Reuters – “The primary factor driving gold is inflation, which is boosting the metal’s appeal as a hedge against rising prices, said Daniel Pavilonis, a senior market strategist at RJO Futures.  “The market looks like it wants to continue to move higher, and it’s just this self-fulfilling loop with more and more data coming out and showing that inflation is not transitory.” Data on Thursday showed the number of Americans filing new claims for unemployment benefits rose to 286,000 last week. Reflecting investor sentiment, holdings of the world’s largest gold-backed exchange-traded fund, SPDR Gold Trust, jumped to the highest level since mid-December. Growing geopolitical instability, notably Russia-Ukraine tensions, is also supporting gold, said Ricardo Evangelista, senior analyst at ActivTrades. Russia has massed tens of thousands of troops on its borders with Ukraine, and Western states fear Moscow is planning a new assault on a country it invaded in 2014.”

Zaner (Chicago) – “While there is a bit of divergence between gold and silver in the early going today, net changes are not significant and indicative of a strong bias in the marketplace. After all, the chatter regarding a shift into a rising central bank rate environment is offset by the cut in interest rates by China overnight. However, the Chinese rate cut was 0.1% and was not widely impactful beyond the Chinese equity markets. On the other hand, the gold market did forge a higher high overnight and remains within proximity to the January high. In a very minor supply-side supportive development South African Sibanye’s 2021 output came in at the lower in of its projected range. Certainly, gold and silver markets have disappointed those looking for inflation gains for nearly 3 years (some would say for 30-years), the action on Wednesday could be the first true inflationary reaction in what we think will be a sustained inflationary cycle. Obviously, the overt strength in crude oil prices has been the primary inflation catalyst so far, but a 30 year high in UK consumer prices yesterday and a concerted broad based physical commodity market rally certainly looks and smells like inflation has begun to impact the commodities trade. In fact, seeing platinum and palladium surge sharply higher in sync with gold and silver this week suggest something broad-based was operating yesterday. Looking ahead it is possible that gold and silver, platinum and palladium were anticipating the easing move by the People’s Bank of China. With futures trading volume jumping significantly around this week’s low and the February gold contract aggressively rejecting $1,804.70, we think the market has signaled strong value above $1,800 and is tracking toward $1,850. Similarly, the silver market saw increased volume on the Tuesday upside reversal and then again on the Wednesday sharp range up move and with increased market interest silver could project the March contract quickly to the next pivot point up at $25.00.”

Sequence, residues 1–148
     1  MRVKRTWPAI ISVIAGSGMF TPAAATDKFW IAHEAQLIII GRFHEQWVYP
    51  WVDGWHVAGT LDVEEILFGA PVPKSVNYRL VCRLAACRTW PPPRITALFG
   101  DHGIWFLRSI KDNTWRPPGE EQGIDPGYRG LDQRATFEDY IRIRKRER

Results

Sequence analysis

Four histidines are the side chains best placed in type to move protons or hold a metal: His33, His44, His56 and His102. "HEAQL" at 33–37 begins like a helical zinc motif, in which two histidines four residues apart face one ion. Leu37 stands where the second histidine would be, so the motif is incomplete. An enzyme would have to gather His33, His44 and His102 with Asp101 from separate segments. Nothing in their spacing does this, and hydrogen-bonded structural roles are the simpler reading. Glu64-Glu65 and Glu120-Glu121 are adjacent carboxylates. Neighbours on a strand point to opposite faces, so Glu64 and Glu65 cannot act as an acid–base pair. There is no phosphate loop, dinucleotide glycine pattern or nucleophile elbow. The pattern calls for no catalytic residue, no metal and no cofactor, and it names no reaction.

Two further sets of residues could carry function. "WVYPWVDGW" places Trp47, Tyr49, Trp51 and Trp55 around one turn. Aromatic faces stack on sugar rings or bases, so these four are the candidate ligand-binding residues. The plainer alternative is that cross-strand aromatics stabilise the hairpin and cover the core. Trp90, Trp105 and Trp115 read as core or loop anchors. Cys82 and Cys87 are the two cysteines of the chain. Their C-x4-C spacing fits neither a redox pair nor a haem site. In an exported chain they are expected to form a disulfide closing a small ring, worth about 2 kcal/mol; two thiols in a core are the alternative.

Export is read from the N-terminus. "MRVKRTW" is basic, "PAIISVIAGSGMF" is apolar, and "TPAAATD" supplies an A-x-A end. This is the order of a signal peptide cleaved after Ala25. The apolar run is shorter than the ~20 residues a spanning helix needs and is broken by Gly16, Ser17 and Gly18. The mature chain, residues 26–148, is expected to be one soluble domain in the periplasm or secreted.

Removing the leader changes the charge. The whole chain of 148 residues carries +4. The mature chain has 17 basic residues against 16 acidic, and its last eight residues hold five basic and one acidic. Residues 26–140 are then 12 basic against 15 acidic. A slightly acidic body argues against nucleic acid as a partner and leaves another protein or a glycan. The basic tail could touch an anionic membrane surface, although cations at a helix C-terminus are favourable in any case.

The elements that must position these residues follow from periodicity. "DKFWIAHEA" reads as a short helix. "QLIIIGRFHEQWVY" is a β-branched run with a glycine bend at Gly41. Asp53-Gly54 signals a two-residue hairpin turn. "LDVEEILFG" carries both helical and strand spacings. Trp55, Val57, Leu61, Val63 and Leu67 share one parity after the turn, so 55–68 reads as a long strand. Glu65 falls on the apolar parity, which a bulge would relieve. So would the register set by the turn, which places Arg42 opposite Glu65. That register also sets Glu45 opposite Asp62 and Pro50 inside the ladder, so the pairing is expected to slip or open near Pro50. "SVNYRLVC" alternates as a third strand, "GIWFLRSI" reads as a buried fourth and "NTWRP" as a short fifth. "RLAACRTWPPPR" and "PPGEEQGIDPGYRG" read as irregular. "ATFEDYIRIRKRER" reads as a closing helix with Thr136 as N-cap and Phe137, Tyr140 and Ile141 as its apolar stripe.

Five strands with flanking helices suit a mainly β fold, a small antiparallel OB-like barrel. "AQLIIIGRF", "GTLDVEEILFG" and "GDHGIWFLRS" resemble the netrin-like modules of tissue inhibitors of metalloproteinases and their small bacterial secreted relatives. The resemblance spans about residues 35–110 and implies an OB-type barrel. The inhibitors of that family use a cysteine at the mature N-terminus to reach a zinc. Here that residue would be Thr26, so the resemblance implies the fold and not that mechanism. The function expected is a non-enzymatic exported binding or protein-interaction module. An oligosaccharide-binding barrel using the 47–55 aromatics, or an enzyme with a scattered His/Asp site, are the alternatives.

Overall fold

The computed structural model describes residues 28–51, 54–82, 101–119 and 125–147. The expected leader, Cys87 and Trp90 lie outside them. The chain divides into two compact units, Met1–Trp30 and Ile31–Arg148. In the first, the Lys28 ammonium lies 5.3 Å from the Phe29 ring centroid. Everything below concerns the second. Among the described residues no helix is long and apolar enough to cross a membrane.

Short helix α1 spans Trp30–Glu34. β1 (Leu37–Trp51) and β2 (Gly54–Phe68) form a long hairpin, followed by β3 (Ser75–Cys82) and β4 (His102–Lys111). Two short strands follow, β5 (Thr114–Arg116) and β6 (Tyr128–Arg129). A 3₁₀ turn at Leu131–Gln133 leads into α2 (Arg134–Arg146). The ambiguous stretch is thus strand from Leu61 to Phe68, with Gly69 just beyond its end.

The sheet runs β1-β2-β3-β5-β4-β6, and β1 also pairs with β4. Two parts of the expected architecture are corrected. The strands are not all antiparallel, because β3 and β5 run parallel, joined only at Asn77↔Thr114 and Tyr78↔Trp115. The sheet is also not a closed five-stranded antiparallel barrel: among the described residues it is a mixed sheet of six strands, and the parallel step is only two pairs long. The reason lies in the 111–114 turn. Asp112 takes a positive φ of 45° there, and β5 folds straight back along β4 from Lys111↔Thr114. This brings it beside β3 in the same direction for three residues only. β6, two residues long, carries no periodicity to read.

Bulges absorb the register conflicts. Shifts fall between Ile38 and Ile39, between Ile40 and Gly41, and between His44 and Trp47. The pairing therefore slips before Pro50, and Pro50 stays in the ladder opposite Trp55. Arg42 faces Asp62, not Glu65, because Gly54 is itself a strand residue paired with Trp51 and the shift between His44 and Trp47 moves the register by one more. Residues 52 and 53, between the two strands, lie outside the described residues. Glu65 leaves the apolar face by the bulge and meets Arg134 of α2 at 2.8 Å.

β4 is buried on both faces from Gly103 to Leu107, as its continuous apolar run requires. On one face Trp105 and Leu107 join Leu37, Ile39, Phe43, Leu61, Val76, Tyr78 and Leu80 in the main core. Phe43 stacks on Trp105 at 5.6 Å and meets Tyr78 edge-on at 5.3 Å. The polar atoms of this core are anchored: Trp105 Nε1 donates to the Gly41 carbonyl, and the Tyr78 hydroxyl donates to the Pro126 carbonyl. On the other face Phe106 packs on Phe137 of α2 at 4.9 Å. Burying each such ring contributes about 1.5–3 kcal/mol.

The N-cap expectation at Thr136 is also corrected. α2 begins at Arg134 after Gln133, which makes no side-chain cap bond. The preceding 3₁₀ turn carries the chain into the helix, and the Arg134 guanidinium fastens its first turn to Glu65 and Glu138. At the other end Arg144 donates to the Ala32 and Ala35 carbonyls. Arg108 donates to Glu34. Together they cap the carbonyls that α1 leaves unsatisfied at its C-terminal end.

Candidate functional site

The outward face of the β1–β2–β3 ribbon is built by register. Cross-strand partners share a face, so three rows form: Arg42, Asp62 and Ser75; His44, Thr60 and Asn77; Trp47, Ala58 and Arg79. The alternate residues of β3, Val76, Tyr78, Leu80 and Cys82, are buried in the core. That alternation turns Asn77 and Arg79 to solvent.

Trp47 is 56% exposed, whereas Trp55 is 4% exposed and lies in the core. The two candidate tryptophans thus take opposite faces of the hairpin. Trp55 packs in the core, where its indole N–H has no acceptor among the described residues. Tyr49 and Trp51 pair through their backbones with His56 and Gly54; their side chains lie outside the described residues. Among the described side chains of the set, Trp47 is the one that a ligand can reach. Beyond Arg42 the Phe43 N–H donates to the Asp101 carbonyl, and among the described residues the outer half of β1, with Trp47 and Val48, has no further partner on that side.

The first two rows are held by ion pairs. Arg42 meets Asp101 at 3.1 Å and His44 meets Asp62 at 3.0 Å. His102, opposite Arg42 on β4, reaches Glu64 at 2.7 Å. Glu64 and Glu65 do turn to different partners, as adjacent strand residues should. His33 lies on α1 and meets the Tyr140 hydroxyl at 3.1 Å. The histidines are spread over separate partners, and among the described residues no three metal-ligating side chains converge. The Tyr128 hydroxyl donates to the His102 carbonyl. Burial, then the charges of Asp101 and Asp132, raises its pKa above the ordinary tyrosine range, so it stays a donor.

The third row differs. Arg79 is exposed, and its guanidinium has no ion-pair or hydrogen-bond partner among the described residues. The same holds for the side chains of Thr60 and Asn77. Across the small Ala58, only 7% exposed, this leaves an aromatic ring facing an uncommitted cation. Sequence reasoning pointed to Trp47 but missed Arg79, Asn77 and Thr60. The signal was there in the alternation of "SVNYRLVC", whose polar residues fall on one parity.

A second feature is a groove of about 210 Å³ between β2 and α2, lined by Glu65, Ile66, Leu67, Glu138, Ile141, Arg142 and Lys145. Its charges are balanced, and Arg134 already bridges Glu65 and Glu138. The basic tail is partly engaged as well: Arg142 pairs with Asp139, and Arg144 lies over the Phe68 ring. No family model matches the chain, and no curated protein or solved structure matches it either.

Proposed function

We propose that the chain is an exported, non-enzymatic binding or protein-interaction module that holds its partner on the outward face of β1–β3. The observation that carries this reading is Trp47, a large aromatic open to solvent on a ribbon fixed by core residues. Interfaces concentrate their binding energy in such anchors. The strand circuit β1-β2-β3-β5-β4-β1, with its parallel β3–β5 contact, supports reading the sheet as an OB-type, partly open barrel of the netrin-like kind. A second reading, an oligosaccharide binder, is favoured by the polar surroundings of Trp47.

On the day gold closed down $0.60 at $1842.50 and silver was higher by $0.48 at $24.71.

The gold market Friday opened choppy with a downward tilt as gold once again struggles with overhead resistance at the higher end of its current range. The Dollar Index has been steady this week (95.50) which is surprising given next week’s FOMC meeting. But higher crude oil prices support inflation fears and growing trouble in the Ukraine helps safe haven demand. Still, the lack of buzz going into a troubled weekend might suggest an overbought market. But I suspect little downside in gold however given rising inflation numbers and world uncertainty.